New minpaku law leaves many without accommodation
This is Stephanie of IMS.
On June 15th, a new “minpaku law” took effect in Japan that requires all private home-share operators to apply and receive special permission to rent out their property as temporary accommodations. As a result, many popular home-sharing websites saw a dramatic loss in business and listings, with some websites such as AirBnB reporting that 80% of their Japan listings have been removed from the site. AirBnB has now approximately 14,000 remaining.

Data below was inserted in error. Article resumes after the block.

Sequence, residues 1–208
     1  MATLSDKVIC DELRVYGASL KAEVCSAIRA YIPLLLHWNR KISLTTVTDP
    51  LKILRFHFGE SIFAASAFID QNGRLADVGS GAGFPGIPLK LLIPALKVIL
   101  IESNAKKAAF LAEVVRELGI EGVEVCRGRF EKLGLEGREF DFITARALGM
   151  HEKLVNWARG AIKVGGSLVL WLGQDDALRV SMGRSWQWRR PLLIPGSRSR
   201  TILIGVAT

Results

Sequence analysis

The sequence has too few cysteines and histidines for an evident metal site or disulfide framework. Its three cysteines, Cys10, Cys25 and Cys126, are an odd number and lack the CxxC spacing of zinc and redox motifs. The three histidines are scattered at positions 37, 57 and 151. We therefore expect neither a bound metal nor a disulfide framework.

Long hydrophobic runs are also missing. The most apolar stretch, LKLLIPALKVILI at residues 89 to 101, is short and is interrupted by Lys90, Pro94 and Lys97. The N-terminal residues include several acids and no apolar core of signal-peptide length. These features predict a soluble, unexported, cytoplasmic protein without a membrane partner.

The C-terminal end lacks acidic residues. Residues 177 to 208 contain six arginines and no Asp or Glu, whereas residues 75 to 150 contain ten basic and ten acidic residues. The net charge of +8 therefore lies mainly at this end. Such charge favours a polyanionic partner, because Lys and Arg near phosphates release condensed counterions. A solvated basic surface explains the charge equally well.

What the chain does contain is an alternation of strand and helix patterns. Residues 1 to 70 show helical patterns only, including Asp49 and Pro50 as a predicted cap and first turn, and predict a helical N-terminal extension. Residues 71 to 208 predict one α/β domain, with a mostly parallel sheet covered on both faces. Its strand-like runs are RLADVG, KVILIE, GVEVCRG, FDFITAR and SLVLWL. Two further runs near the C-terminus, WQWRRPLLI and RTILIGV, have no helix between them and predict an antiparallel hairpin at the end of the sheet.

After receiving a license and sending proof, property owners (“hosts”) are allowed to reinstate their listings, but many hosts are not expected to go through these steps, and countless tourists and persons in Japan on business have been left without accommodations. As of May 11, only 724 hosts had registered under this new law, despite registration being available since March.
Many individual municipalities have also imposed their own restrictions on home-sharing, adding to already-strict limitations such as the number of days any one property is allowed to be rented out. (The current restriction is 180 days per year.)
This, combined with a recent tourism boom (the highest rising rate in the world) and the Olympics scheduled for 2020, has many travelers opting to visit other countries instead.